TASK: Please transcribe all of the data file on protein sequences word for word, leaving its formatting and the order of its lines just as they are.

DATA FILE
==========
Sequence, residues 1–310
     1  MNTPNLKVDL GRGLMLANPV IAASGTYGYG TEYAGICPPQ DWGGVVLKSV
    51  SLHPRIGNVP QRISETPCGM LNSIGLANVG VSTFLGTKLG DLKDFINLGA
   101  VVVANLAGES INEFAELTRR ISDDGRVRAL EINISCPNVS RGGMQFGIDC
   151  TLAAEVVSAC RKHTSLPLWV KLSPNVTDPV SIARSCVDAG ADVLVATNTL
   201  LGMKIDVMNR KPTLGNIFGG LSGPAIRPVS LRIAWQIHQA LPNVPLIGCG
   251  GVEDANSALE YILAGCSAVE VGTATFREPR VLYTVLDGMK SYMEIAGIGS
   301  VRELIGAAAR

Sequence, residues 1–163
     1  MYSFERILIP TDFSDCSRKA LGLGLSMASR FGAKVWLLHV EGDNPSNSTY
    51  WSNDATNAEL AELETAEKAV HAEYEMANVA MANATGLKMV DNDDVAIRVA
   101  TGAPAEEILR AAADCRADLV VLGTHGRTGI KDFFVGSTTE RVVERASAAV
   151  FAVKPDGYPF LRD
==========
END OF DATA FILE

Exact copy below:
Sequence, residues 1–310
     1  MNTPNLKVDL GRGLMLANPV IAASGTYGYG TEYAGICPPQ DWGGVVLKSV
    51  SLHPRIGNVP QRISETPCGM LNSIGLANVG VSTFLGTKLG DLKDFINLGA
   101  VVVANLAGES INEFAELTRR ISDDGRVRAL EINISCPNVS RGGMQFGIDC
   151  TLAAEVVSAC RKHTSLPLWV KLSPNVTDPV SIARSCVDAG ADVLVATNTL
   201  LGMKIDVMNR KPTLGNIFGG LSGPAIRPVS LRIAWQIHQA LPNVPLIGCG
   251  GVEDANSALE YILAGCSAVE VGTATFREPR VLYTVLDGMK SYMEIAGIGS
   301  VRELIGAAAR

Sequence, residues 1–163
     1  MYSFERILIP TDFSDCSRKA LGLGLSMASR FGAKVWLLHV EGDNPSNSTY
    51  WSNDATNAEL AELETAEKAV HAEYEMANVA MANATGLKMV DNDDVAIRVA
   101  TGAPAEEILR AAADCRADLV VLGTHGRTGI KDFFVGSTTE RVVERASAAV
   151  FAVKPDGYPF LRD